Recent Buy: September 26th, 2014
Today I furthered the accumulation stage by initiating a position in Visa Inc. (V). I now own a piece of 18 completely different companies that consistently grow their dividends. I purchased 8 shares at $211.70 each and a $6.95 commission for a total of $1700.55 in new capital invested. The trailing P/E was about 24 and the forward P/E around 20, which compares favorably to the company’s 5 year average P/E of 29. My initial dividend yield is a low 0.76%, but also favorable compared to the 5 year average of 0.60%. This purchase adds just $12.80 to my 12-year forward dividends for a new total of $1,077.78, and a dividend raise is expected next month.
Visa is a heavyweight global electronic payments technology company that I use almost every time I buy something; I own Visa credit and debit cards. They dominate this industry, servicing about half of all credit card transactions, three quarters of debit card transactions, and they make a ton of money on service and processing fees. They’re always in the news: recently for announcing a new large technology center in India, partnering with Apple Pay, lingering lawsuits and more.
Visa became publicly traded recently in 2008, but has grown earnings exceptionally fast since then. Let’s take a look at a fast graphs that plots just the adjusted operating earnings growth (orange line) in that time frame.
I absolutely love seeing straight up growth like that. But since I love dividends even more, I’m very excited at how Visa has grown its dividends for five straight years at lightning speed right along with earnings and revenue. The five year average dividend growth rate is just over 31%! Visa still has a very low payout ratio of 18% with plenty of room for further increases. Take a look at the fast graph when we add dividends. The pink line is the dividend amount and payout ratio, while the light blue represents dividends paid out from earnings.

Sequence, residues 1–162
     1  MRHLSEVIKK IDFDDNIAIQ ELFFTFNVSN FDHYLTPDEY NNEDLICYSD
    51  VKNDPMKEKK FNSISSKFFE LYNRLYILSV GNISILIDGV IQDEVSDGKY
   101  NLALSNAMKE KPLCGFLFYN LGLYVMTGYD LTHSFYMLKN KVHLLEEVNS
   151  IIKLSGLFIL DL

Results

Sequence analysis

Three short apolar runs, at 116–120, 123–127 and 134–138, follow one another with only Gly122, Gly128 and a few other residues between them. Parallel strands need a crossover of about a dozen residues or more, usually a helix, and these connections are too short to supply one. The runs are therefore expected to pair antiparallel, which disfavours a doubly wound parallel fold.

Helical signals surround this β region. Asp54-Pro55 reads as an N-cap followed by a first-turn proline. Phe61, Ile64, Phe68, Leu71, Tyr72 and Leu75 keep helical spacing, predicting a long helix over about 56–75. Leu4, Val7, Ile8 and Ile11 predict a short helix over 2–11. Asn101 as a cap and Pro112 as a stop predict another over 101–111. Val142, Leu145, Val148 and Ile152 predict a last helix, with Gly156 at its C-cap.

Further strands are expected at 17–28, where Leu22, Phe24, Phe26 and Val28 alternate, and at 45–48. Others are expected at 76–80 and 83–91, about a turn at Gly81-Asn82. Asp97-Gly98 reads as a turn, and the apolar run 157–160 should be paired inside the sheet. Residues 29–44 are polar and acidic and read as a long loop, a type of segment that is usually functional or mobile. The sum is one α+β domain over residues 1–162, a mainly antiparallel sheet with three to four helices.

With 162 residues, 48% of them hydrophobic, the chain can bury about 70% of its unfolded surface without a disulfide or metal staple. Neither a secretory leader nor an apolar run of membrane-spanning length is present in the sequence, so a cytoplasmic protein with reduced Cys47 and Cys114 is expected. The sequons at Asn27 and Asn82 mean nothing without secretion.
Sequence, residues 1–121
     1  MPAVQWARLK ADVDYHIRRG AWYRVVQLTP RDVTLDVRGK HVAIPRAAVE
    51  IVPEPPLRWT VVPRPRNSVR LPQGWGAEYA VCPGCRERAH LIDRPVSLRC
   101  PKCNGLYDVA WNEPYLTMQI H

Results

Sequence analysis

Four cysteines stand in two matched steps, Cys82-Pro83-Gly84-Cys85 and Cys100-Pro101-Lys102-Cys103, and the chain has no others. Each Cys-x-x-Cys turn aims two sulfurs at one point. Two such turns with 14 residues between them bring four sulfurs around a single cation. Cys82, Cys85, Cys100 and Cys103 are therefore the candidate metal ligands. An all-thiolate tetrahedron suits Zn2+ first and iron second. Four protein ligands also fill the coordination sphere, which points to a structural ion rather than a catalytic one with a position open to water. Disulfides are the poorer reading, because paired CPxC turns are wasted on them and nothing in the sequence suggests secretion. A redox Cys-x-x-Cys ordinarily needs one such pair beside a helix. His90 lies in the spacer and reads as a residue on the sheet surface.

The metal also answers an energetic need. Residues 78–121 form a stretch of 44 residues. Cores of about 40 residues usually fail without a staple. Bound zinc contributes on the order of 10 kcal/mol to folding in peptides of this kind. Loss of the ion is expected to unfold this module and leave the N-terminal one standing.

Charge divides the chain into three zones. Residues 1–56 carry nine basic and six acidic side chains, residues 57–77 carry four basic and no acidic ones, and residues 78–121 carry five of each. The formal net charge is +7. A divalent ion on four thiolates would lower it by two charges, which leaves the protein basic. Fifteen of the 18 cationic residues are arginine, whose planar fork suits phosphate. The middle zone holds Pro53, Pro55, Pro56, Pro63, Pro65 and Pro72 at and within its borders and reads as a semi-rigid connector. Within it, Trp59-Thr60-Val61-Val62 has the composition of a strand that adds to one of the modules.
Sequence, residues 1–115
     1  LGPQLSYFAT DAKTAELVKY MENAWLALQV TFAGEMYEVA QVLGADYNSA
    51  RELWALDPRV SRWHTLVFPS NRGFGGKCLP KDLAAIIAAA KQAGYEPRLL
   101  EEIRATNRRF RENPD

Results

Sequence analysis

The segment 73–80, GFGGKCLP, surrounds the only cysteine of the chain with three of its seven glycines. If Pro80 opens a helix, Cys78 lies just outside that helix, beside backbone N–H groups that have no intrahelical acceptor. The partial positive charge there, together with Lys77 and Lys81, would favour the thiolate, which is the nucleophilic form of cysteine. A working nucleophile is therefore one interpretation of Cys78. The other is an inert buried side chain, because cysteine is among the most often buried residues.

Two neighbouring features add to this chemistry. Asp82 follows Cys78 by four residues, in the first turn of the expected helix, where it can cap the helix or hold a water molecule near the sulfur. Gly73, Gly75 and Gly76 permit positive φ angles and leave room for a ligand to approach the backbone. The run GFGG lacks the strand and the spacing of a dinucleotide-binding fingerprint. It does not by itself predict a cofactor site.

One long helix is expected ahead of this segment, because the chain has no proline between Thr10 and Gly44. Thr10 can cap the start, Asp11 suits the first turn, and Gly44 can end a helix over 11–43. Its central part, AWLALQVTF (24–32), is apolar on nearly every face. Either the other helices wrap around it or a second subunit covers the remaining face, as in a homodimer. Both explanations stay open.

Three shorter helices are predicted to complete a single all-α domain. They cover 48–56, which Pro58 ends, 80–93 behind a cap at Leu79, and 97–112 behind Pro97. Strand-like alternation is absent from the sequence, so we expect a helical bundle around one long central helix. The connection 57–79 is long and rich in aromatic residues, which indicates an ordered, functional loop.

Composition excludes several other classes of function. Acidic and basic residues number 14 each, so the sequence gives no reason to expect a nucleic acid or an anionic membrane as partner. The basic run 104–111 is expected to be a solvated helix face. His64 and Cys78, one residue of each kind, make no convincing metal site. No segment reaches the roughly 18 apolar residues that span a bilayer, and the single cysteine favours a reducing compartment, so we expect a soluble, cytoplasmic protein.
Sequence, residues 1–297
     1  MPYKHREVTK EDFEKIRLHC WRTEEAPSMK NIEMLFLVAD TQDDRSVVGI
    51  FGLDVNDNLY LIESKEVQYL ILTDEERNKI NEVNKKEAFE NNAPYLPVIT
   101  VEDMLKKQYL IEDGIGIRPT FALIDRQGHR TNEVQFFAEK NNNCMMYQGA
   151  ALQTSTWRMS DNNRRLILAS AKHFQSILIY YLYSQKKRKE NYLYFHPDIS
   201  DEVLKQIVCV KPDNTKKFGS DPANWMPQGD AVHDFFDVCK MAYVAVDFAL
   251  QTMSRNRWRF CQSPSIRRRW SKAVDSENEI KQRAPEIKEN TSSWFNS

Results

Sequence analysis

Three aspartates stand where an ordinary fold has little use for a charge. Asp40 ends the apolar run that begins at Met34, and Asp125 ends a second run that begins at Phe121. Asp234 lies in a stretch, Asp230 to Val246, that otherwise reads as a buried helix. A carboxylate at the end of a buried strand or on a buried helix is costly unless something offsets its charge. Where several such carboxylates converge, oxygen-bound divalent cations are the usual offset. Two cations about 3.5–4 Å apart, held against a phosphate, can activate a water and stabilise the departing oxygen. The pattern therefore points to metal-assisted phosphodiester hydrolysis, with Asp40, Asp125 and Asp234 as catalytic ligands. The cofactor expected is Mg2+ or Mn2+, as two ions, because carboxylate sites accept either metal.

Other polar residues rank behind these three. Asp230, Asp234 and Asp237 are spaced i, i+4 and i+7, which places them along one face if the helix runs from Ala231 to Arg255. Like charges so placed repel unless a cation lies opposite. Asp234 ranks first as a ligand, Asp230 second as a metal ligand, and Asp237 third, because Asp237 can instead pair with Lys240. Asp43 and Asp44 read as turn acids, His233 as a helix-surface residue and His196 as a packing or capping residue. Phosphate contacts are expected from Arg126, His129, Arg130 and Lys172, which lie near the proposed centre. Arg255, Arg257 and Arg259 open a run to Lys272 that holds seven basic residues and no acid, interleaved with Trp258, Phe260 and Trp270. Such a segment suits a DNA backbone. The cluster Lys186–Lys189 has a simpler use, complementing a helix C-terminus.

I always look for that pink line to keep inching upward, and this company impressively achieves that. Now to take a closer look at the historic performance results. Look at some of the crazy percentages of dividend increases!
My takeaway from this graph is that in 2009 someone could have started reinvesting dividends with my similar cost basis of $1,700 and yield of 0.7%, and already by 2013 the yield on cost would be 2.3% The position would have paid about $12 on the first year, but just 4 years later it’s almost $40. While past results can never predict the future, my young portfolio is a perfect place to put a dividend grower like this. I have a long time horizon and I think a lot about YOC over long periods of time when I make these lower yield purchases. I typically would never buy a stock with a trailing P/E as high as V’s; however, this is a very special company, growing at a rate that seems to justify the premium. Currently the valuation is right in line with the past. Check out how the current price (black line) tracks against the normal average P/E ratio (dark blue line).
What does the future hold? Obviously I feel there is a lot of growth. Here is a predication that fast graphs makes based on analyst and consensus information.
You can easily see why I’m excited to be a shareholder of a massive everyday company that is growing at an exceptional pace. I’m not alone either, check out some of these wonderful posts about Visa from blogs I read:
Tim McAleenan Jr. recently posted: Visa: Probably The Best Investment You Can Make Today.
What do you think of Visa? Have you initiated or added to any positions lately?